High School Football Tied to Brain Changes, Even Without Concussion

There has been a lot of talk about football and concussions in players, but new research suggests that brain changes can occur in high school football players when less severe head injuries occur.

The study found that repeated blows to the head after just one season could cause significant changes in the brain, even if there is no concussion.

The more often the players were struck, the more evidence they showed of brain changes that appeared abnormal.

The study involved 24 high school football players between the ages of 16-years-old and 18-years-old. None of the athletes in the study had ever had a concussion. During every practice and game, the participants wore helmets mounted with accelerometers, which tracked how often and how hard the players were hit.

The players were then divided into two groups based on the data recorded from the helmets. 9 of the athletes were considered heavy hitters, and 16 were considered light hitters.

Using an advanced brain imaging technique, known as diffusion tensor imaging (DTI), the researchers then looked for changes in the white matter of the players’ brains. White matter is made up of millions of nerve fibers that work like communication cables connecting various parts of the brain. DTI provides a measurement of the movement of water along these nerve fibers, known as fractional anisotropy (FA).

In a healthy brain, the movement of water is even and has high FA. More random water movement and a drop in FA suggest abnormalities in the brain.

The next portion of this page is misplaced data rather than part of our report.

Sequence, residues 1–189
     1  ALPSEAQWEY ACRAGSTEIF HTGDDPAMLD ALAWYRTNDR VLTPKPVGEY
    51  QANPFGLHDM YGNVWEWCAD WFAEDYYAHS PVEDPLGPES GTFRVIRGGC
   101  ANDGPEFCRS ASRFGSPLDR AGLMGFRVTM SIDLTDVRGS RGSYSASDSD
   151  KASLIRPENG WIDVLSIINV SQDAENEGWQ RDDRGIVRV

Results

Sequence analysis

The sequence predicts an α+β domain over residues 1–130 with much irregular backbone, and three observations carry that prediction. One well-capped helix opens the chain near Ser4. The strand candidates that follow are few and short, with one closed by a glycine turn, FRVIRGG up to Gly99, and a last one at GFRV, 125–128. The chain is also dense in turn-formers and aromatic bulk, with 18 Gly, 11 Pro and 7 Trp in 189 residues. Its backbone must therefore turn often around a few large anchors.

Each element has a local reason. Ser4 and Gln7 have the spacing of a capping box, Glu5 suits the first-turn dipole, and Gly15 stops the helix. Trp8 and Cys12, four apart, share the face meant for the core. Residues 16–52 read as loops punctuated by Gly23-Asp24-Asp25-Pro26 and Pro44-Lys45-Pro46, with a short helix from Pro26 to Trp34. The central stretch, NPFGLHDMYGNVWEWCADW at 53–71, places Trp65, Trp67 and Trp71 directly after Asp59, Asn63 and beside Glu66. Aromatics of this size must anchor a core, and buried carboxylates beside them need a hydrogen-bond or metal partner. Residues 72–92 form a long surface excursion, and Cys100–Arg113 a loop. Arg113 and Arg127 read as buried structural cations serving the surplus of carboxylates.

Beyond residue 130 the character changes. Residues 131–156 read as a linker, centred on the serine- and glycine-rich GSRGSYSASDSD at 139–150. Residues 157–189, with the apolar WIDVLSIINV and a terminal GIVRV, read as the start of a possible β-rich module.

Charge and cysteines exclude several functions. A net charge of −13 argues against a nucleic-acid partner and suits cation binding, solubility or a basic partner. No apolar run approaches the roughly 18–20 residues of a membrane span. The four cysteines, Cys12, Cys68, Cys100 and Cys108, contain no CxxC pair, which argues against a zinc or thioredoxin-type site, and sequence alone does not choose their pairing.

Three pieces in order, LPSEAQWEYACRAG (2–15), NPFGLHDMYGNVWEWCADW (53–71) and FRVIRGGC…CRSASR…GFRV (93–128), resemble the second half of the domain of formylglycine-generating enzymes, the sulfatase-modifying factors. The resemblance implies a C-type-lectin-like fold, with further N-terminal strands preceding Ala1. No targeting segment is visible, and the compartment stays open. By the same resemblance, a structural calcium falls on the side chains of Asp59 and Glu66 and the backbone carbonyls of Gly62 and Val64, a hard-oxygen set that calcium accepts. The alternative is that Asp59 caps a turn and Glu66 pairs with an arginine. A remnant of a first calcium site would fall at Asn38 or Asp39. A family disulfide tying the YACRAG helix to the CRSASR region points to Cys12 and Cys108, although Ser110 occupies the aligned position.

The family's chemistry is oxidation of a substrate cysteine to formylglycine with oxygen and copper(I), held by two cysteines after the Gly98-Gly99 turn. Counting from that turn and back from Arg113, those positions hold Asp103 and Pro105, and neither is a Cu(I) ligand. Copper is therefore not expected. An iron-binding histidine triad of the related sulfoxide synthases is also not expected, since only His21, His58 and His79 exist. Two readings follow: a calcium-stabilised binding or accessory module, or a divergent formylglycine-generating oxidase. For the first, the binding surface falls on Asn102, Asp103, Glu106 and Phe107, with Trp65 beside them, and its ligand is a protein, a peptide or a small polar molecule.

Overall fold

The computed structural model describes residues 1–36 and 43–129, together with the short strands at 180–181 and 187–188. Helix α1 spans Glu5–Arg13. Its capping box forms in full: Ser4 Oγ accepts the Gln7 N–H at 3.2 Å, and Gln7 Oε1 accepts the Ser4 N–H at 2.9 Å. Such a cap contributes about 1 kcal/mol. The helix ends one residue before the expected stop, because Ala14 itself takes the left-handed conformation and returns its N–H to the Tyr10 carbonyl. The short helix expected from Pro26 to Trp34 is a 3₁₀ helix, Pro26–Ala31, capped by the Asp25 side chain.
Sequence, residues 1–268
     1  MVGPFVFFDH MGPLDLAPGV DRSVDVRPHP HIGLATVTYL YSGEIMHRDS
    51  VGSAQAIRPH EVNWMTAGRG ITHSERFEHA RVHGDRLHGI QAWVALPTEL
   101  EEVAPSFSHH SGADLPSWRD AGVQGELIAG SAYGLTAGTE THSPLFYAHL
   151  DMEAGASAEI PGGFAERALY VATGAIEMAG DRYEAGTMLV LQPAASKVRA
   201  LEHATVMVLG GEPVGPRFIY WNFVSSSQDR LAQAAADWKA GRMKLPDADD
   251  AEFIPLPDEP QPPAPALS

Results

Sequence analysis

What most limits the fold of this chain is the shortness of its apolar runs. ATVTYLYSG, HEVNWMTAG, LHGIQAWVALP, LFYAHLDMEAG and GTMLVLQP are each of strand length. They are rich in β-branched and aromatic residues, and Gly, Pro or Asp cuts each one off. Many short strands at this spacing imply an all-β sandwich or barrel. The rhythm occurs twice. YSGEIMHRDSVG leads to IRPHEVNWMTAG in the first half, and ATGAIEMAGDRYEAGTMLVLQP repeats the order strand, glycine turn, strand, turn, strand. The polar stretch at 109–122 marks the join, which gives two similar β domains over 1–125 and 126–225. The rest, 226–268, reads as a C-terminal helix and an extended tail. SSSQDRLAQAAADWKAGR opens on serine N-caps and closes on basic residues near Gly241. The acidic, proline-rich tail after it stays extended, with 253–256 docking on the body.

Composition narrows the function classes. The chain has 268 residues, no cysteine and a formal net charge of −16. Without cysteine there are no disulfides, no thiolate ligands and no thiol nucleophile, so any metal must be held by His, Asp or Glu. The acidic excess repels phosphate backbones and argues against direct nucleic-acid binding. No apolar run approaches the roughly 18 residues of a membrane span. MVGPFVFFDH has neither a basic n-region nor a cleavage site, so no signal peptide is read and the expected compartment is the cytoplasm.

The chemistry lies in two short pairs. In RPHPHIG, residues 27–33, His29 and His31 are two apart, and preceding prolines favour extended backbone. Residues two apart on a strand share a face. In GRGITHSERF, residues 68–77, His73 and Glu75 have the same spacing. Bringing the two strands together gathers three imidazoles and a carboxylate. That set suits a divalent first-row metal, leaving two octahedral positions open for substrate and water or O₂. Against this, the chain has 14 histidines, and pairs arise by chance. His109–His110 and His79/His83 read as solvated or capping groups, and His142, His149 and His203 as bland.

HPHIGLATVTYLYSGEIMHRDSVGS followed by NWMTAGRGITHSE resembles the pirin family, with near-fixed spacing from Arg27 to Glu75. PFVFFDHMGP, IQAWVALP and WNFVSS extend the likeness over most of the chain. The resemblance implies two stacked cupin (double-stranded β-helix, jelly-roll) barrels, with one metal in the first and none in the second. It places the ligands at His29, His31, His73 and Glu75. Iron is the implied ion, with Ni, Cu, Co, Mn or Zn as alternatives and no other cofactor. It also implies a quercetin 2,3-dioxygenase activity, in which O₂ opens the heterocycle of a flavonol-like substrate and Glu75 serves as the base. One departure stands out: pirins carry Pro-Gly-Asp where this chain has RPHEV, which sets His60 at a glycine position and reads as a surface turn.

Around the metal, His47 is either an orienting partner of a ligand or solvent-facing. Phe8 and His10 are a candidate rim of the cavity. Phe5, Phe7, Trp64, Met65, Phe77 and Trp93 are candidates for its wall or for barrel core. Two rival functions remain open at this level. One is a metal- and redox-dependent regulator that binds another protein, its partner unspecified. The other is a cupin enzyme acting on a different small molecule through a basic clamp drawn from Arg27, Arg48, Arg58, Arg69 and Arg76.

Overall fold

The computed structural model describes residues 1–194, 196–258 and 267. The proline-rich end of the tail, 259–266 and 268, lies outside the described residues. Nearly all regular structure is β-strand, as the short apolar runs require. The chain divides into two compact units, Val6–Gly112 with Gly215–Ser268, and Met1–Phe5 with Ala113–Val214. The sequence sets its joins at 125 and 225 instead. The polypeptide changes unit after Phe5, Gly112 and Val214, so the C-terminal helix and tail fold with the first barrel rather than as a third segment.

Even though none of these players sustained a concussion, by the end of the football season, the players in the heavy hitter group had more significant drops in FA than the players in the light hitter group.

The evidence suggests that repeated hits to the head may cause serious concern. Unlike the obvious and immediate effects of a stroke, such as paralysis or the inability to speak, the cumulative effects of mild brain injuries could be much more subtle, involving things like concentration, attention or memory, and would likely not be detectable using conventional bedside testing.

Although the study raises concerns about contact sports, the researchers emphasized that larger studies are needed to determine if these brain changes could lead to any long-tern consequences.


If your child has sustained a traumatic brain injury, contact our law office for more information.

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